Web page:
The Florida Museum's invertebrate zoology online database now contains more records than any other collection in the world except the Smithsonian Institution. The collection is one of three across the world selected to join an international effort organized by the Consortium for the Barcode of Life and the Census of Marine Life to provide specimens for the first major push to genetically characterize all marine species. This program will help scientists better document and understand biodiversity in tropical oceans, so that future generations have the best information available for managing and restoring the world's coral reefs.

Evolution & Extinction of Tropical Birds

Blue-chinned Sapphire hummingbird

David Steadman carefully holds a male Blue-chinned Sapphire (Chlorestes notata) captured in a mist-net in Trinidad, an island teeming with hummingbirds.

Curator of Ornithology David Steadman studies fossils of tropical birds that are hundreds to millions of years old. Along with Ordway Chair of Ecosystem Conservation Scott Robinson, he also surveys modern bird communities to understand the habitat preferences of tropical birds and their vulnerability or resilience to human impacts.

By combining information from both prehistoric and living birds, Steadman and Robinson can gauge the long-term effects of natural and human-induced habitat changes upon tropical bird communities, and figure out why some species are common while others are rare or even have become extinct. Such information is crucial for effective long-term management of tropical habitats.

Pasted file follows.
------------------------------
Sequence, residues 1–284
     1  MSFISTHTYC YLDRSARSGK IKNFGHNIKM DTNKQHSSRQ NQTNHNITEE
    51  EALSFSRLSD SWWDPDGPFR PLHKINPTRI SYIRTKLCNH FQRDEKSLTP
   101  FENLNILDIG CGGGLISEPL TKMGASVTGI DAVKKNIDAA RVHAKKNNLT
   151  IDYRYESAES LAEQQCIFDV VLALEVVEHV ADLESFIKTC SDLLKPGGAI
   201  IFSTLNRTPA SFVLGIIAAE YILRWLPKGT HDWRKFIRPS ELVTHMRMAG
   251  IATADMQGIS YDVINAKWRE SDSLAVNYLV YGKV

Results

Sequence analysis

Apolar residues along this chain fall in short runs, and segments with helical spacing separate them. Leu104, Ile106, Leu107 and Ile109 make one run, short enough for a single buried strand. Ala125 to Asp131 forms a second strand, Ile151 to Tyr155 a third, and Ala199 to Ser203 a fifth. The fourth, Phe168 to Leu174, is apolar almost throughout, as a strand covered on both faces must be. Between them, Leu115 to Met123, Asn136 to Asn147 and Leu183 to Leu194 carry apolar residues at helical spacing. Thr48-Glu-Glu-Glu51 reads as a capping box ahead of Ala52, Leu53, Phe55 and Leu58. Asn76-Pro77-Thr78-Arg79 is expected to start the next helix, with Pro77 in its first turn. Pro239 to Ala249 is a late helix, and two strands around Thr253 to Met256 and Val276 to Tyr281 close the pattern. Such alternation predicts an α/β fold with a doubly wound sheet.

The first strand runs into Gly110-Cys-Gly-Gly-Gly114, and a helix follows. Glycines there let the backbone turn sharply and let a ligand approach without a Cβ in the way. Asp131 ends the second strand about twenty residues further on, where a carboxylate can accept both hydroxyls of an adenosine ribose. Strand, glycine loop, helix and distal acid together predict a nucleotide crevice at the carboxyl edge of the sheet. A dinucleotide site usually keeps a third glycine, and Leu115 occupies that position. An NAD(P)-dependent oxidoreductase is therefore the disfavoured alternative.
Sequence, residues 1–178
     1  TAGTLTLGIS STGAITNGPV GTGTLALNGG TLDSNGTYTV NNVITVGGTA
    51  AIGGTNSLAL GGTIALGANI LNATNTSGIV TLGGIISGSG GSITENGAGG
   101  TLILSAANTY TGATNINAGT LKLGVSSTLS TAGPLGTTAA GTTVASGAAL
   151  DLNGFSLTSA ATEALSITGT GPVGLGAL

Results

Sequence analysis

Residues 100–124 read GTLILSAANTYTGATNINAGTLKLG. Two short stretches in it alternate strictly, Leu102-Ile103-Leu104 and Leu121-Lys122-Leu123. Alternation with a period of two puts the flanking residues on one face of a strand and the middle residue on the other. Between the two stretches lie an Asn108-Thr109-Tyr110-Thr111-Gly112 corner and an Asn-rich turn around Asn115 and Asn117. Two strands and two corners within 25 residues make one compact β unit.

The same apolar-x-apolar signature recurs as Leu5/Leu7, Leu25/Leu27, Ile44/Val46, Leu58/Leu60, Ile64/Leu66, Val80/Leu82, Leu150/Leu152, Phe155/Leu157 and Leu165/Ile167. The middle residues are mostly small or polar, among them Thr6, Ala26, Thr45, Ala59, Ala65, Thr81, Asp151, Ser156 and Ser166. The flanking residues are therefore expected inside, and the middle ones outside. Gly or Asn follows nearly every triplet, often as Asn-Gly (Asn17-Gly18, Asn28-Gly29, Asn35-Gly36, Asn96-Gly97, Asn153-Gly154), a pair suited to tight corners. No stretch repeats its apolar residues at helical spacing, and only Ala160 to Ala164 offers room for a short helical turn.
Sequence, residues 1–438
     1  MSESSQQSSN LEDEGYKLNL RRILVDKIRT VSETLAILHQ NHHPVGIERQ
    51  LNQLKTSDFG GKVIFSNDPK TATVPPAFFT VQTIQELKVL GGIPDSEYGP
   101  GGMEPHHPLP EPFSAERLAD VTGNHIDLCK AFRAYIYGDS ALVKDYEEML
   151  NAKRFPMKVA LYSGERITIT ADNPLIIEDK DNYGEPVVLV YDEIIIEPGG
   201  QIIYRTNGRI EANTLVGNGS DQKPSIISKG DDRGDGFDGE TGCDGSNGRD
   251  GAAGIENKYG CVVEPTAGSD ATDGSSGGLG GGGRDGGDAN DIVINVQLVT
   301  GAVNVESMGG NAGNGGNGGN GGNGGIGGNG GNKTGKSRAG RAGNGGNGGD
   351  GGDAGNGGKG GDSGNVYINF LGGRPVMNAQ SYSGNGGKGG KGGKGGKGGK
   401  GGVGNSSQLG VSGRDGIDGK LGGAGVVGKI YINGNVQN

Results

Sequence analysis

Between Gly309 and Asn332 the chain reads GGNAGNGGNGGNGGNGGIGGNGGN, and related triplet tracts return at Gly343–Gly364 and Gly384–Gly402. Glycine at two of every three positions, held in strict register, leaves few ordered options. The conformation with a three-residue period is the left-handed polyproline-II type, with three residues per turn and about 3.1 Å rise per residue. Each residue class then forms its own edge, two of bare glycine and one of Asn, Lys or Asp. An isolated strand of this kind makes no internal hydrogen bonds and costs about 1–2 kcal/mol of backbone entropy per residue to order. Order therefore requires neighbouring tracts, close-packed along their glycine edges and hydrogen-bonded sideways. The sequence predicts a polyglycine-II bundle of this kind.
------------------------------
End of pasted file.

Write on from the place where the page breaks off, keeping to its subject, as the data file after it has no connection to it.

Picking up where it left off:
A very high priority for the Florida Museum's Ornithology program is to make expeditions to some of the world's most remote tropical localities in order to survey the poorly studied or unstudied bird life. In tropical Ornithology, the age of discovery is far from over.

Tree of Life

The Tree of Life Web Project is an international collaborative effort of biologists from around the world. On more than 9,000 web pages, the project provides information about the diversity of organisms on Earth and their evolutionary history and characteristics. The pages are linked hierarchically in the form of the evolutionary tree of life, thus illustrating the genetic connections between all living things. Several Florida Museum scientists are major participants in this worldwide collaborative effort.

 

Other Museum Research & Resources

Florida Program for Shark Research

The FPSR is involved in many areas of shark research, including shark biology, ecology, and behavior. In addition, the FPSR monitors shark attacks through the International Shark Attack File and promotes shark conservation and educational outreach through such programs as Project Shark Awareness.

Research on Freshwater Fishes

Find out more about the findings from several active research teams studying invertebrates around the world.

Herbarium Research Projects

Herbarium staff and students participate in diverse projects spanning traditional morphological plant systematics, floristics, plant anatomy, molecular analysis and pollination ecology.

Invertebrate Zoology Research

Find out more about the findings from several active research teams studying invertebrates around the world.

Science Stories

Science Stories is an ongoing collection of news articles about Florida Museum natural science research. From collecting expeditions to new discoveries by Museum researchers, Science Stories covers a range of topics for aspiring scientists and curious spectators.

South Florida Aquatic Environments

Learn about three imperiled south Florida ecosystems - the Everglades, Florida Bay, and Florida Keys - along with the role of museum collections in providing a historical taxonomic and distribution database.

Spineless Science Research Blog

A blog about the field and lab adventures of the Invertebrate Zoology division.

 

Museum Collections

Sergeant major fish Photo © Barbara Shively

Sergeant major (Abudefduf saxatilis) Photo © Barbara Shively

Visit these Museum collection websites for more information: